August 17, 2008
FPL prepares for Fay

  • Company activates its well-tested storm plan
  • Customers urged to prepare

JUNO BEACH, Fla. – Florida Power & Light Company is closely monitoring Fay and making preparations to restore service in the event the storm damages the electrical infrastructure in its service territory. FPL is urging its customers to take safety precautions and prepare for the potential of power outages.

“There are still uncertainties in both the forecast track and intensity, but it’s likely that the storm will disrupt service to some of our customers. FPL is in a state of readiness. We have a plan of action to restore power safely and as quickly as possible. We’re prepared, and we encourage our customers to make their own preparations and to plan for their safety,” said FPL President Armando J. Olivera.

Depending on the ultimate path and intensity of the storm, Fay could cause damage to both overhead and underground electrical facilities. Damage could be caused by extensive rainfall, flooding, high winds, blowing debris or fallen trees, among other factors. The resulting damage to electric systems by a storm can require repair or rebuild efforts. Customers should be aware that restoration efforts in the wake of a storm may be hampered by flooding, fallen structures and other obstacles.

FPL activates its well-tested storm plan

FPL’s comprehensive storm plan focuses on readiness, restoration and recovery. Prior to the start of a storm season, FPL conducts extensive training to prepare its employees to respond quickly and safely if a storm strikes FPL’s service territory. FPL also coordinates assistance agreements with other utilities for out-of-state support, orders supplies and equipment to have on hand for a restoration, and secures staging sites throughout its 35-county service territory, enabling the company to quickly deploy equipment and crews to storm-damaged communities.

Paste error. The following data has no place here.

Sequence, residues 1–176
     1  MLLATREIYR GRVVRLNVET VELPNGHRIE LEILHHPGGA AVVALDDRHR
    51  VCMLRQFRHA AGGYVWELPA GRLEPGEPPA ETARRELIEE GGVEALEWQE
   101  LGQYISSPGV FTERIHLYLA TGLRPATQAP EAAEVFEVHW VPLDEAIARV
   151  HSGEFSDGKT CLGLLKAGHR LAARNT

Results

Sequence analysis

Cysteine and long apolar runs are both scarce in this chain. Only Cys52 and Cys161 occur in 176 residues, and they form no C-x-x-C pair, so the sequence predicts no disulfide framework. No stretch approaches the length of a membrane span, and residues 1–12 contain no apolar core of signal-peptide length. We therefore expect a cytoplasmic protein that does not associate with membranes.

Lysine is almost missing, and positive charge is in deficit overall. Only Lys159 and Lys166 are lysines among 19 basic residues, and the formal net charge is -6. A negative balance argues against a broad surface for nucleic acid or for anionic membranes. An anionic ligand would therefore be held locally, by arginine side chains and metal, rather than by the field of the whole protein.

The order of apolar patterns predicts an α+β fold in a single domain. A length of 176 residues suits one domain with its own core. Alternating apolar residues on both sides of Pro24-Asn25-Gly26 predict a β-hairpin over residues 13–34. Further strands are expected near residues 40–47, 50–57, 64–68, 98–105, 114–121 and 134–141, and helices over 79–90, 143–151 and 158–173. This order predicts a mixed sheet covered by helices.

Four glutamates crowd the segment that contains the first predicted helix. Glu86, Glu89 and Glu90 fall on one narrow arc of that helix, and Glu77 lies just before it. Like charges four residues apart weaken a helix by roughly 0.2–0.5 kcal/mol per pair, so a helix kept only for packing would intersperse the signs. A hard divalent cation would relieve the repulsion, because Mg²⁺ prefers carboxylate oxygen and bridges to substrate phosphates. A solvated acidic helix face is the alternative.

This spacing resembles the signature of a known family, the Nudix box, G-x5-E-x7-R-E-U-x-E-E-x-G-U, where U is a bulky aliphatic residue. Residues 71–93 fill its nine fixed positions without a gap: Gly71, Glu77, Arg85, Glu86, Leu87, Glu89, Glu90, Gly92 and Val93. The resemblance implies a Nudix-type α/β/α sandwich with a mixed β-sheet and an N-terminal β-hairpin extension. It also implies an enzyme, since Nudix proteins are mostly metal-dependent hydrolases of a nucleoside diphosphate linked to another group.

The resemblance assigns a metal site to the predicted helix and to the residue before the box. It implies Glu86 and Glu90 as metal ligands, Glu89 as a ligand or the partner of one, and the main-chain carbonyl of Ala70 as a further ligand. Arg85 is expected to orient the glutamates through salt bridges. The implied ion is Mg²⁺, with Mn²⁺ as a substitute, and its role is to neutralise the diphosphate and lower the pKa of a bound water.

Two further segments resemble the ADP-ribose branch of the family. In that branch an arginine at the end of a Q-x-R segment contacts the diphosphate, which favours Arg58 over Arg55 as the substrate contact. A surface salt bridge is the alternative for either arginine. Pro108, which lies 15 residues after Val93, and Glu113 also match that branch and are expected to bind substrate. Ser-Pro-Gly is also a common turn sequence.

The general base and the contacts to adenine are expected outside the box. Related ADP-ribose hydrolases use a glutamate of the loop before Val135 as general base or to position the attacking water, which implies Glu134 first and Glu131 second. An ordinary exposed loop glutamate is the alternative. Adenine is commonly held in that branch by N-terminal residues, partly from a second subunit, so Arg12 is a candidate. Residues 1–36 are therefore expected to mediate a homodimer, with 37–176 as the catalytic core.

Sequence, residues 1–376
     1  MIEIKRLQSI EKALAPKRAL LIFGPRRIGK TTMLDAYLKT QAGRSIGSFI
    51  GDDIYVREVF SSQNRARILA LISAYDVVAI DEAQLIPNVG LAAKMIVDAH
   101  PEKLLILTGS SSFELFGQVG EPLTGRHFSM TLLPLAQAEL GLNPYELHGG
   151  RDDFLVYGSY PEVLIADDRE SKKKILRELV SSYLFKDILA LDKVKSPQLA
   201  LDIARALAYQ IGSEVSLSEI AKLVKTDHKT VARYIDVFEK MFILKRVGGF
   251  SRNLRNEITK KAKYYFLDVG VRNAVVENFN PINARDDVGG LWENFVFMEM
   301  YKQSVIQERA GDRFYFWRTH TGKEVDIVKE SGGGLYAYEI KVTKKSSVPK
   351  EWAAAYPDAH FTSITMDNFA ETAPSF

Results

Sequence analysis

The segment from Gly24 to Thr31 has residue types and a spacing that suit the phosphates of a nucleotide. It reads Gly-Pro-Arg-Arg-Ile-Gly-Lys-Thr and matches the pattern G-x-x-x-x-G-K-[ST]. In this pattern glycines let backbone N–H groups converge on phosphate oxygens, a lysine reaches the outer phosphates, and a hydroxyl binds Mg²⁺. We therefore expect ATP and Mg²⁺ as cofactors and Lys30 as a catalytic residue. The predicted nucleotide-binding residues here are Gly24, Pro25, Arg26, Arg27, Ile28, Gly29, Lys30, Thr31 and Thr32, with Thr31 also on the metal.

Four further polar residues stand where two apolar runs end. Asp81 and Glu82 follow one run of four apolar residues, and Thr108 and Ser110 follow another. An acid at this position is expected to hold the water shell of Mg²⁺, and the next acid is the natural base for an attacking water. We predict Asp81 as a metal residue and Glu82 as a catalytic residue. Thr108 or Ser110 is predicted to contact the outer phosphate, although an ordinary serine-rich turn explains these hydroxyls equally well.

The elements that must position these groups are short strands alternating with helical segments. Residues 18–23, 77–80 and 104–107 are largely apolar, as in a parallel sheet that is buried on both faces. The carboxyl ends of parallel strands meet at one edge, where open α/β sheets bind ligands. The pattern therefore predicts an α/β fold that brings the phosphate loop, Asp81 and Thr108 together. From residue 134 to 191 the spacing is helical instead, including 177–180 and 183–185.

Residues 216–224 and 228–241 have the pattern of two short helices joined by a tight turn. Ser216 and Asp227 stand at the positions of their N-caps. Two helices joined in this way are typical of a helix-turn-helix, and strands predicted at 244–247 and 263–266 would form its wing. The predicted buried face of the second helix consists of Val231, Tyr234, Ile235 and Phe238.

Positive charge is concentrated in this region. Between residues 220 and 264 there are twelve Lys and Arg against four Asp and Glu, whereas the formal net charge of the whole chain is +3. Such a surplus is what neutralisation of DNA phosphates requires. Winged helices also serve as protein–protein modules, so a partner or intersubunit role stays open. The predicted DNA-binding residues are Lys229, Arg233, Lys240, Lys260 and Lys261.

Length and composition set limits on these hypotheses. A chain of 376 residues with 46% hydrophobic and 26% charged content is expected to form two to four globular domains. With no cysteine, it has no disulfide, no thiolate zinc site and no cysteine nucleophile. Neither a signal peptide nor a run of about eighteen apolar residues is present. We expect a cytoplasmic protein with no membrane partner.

In addition, FPL works closely with emergency operations officials throughout its service territory to update lists of infrastructure and facilities that are critical to the community, such as hospitals, police, fire, communications, water, sanitation services and transportation providers. This information is used to establish priorities for restoration in any communities that might be affected by Fay.

When outages occur, FPL understands that its customers need information about when their power will be restored so they can plan. If Fay impacts FPL’s service territory, FPL will be working to restore power as soon as it is safe to begin and will provide its best estimates of when service will be restored. Immediately after the storm passes, FPL will deploy field teams to conduct damage assessments. This helps FPL assign the right resources, crews and materials to each effort and provide customers with an estimate of when repairs will be finished and power restored in their areas. 

  • Within 24 hours after a storm, based on the information available at the time, FPL will provide an initial estimate of how long it will take for the entire restoration to be completed.
  • Within 48 hours, restoration information on a county basis will be provided. 
  • Within 72 to 96 hours, FPL will work to provide information on a sub-county level.

As the restoration gets under way, customers are advised to monitor local radio, television, newspapers and the FPL Web site (www.FPL.com) for specific reports on progress assessing and repairing damage to the electric system in their areas.